Summer will be here in one month. Many of us want to jump up and down with glee, while others are panicked because we don’t know what to do with our kids without the structure of school. I think a great perspective on summer is to view it as a time to try some new things as parents while engaging your child in a change of pace, as well.
This coming summer vacation will last just over nine weeks for many children. This is a significant amount for time to change things that have been frustrating and better your home life. Here are some ways how:
1. Explore authoritative parenting: For parents who don’t feel they have as much control over their children’s behaviors as they would like, I invite you to explore an authoritative parenting approach. The name may be scary for some raised to believe parents being an “authority figure” doesn’t acknowledge a child’s value; however, if you can get beyond the name, the practice of authoritative parenting has a lot to offer parents. Its effectiveness is based on 40-plus years of evidence-based research by D. Baumrind and other psychologists. The philosophy is simple and states, “Keep the demands high and the nurturance high” and avoid being too permissive or controlling.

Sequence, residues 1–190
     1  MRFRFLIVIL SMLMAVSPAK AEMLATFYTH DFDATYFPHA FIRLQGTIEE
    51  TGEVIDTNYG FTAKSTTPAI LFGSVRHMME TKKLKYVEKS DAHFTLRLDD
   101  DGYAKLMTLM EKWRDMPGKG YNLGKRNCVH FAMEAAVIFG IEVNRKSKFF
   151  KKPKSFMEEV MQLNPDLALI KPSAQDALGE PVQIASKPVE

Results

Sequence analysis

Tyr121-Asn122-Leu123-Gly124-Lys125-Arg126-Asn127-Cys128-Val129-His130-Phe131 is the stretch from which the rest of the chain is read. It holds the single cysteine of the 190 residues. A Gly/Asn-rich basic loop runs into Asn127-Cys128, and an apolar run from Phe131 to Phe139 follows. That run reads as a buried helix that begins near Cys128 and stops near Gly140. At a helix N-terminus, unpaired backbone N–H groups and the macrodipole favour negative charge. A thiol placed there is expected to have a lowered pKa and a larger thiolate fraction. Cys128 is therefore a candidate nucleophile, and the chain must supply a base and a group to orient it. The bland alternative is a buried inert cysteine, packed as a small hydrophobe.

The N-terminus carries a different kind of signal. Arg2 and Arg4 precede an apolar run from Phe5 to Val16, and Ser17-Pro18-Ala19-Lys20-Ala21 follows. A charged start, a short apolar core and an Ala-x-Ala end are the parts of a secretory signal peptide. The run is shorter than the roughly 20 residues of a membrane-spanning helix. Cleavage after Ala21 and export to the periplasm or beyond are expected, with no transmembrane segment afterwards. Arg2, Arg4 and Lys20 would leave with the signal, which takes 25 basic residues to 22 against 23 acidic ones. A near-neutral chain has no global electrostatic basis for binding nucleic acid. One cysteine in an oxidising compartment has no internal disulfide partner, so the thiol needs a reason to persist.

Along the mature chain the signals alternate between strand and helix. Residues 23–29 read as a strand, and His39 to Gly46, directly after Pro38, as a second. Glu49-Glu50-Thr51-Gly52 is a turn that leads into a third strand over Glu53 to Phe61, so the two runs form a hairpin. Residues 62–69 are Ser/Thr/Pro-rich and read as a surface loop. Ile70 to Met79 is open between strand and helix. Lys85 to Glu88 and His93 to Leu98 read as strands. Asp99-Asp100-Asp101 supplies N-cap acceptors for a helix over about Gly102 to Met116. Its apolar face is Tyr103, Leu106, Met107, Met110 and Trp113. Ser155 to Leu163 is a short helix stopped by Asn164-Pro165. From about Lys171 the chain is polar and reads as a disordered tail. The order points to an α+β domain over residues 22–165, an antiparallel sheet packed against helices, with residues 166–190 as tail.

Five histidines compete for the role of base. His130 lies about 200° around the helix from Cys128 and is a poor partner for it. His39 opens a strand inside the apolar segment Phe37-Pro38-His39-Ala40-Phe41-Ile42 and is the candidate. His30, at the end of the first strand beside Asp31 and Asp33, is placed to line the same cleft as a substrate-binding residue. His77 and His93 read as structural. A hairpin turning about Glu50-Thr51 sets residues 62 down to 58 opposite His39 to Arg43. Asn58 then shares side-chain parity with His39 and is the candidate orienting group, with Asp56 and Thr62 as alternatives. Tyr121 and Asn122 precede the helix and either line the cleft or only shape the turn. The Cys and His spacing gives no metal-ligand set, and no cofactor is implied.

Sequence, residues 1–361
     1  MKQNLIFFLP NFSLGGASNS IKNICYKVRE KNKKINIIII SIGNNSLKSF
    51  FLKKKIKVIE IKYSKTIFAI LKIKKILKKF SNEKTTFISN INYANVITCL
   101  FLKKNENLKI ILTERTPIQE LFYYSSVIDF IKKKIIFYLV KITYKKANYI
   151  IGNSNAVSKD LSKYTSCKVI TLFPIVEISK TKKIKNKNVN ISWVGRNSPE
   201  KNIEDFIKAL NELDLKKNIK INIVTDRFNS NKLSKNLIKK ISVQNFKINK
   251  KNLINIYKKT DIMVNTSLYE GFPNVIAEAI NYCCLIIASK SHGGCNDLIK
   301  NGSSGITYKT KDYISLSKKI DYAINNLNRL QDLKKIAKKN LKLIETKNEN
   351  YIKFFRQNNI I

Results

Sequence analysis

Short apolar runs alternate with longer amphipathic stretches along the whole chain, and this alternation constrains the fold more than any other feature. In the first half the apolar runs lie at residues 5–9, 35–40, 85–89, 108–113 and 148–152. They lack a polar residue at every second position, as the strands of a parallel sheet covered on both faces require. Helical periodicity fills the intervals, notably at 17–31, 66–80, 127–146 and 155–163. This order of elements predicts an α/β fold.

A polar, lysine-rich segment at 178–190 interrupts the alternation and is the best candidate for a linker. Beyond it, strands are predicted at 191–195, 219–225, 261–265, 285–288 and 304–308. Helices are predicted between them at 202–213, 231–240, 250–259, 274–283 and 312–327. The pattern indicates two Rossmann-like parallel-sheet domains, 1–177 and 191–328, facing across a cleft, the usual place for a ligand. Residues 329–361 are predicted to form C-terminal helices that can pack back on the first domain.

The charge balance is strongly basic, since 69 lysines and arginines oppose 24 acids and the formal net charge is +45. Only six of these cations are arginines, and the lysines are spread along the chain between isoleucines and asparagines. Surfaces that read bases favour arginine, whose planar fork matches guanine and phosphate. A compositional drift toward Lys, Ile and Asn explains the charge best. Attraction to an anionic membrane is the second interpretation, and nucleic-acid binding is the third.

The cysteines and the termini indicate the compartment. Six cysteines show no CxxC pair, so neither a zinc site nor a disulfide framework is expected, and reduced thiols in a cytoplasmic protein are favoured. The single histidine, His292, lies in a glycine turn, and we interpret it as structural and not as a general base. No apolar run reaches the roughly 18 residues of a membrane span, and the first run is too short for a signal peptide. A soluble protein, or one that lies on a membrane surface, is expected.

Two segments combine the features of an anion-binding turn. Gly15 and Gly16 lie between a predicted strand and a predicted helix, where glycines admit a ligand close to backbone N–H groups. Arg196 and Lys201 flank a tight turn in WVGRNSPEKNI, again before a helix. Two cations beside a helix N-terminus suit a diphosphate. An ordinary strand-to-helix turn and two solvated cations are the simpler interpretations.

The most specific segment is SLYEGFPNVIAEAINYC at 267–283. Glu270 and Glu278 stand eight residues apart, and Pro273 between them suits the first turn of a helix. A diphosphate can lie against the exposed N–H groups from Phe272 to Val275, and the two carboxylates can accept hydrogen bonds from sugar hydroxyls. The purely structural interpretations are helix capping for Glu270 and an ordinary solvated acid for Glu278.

2. Plan structured activities: Part of any successful parenting management plan is having a structure for the “down time.” If you’re like me and many parents I’ve talked with, you may feel that summer is a chance for over-scheduled children to catch their breath and to just be kids. That’s great if they are able to handle the transition from highly structured school days to highly unstructured summer days. Many kids aren’t, however, and will need help getting their days to be productive and fulfilling. With their kids’ input, parents can plan how to spend days in a more structured way. At least part of every day should include some family activity, some friend activity and some individual (even tech time) activity.